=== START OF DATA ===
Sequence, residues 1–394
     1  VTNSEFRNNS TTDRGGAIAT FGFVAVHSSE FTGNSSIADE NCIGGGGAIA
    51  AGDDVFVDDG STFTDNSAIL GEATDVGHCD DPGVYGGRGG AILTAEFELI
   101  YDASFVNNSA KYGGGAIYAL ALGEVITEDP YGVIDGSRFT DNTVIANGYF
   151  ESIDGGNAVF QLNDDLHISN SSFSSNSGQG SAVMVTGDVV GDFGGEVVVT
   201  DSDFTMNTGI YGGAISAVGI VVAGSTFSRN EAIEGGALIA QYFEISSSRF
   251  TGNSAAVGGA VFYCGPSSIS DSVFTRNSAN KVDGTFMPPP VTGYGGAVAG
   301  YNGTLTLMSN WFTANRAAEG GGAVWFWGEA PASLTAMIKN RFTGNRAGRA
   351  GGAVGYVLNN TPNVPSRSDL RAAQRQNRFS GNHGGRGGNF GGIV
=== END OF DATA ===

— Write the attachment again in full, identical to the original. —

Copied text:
Sequence, residues 1–394
     1  VTNSEFRNNS TTDRGGAIAT FGFVAVHSSE FTGNSSIADE NCIGGGGAIA
    51  AGDDVFVDDG STFTDNSAIL GEATDVGHCD DPGVYGGRGG AILTAEFELI
   101  YDASFVNNSA KYGGGAIYAL ALGEVITEDP YGVIDGSRFT DNTVIANGYF
   151  ESIDGGNAVF QLNDDLHISN SSFSSNSGQG SAVMVTGDVV GDFGGEVVVT
   201  DSDFTMNTGI YGGAISAVGI VVAGSTFSRN EAIEGGALIA QYFEISSSRF
   251  TGNSAAVGGA VFYCGPSSIS DSVFTRNSAN KVDGTFMPPP VTGYGGAVAG
   301  YNGTLTLMSN WFTANRAAEG GGAVWFWGEA PASLTAMIKN RFTGNRAGRA
   351  GGAVGYVLNN TPNVPSRSDL RAAQRQNRFS GNHGGRGGNF GGIV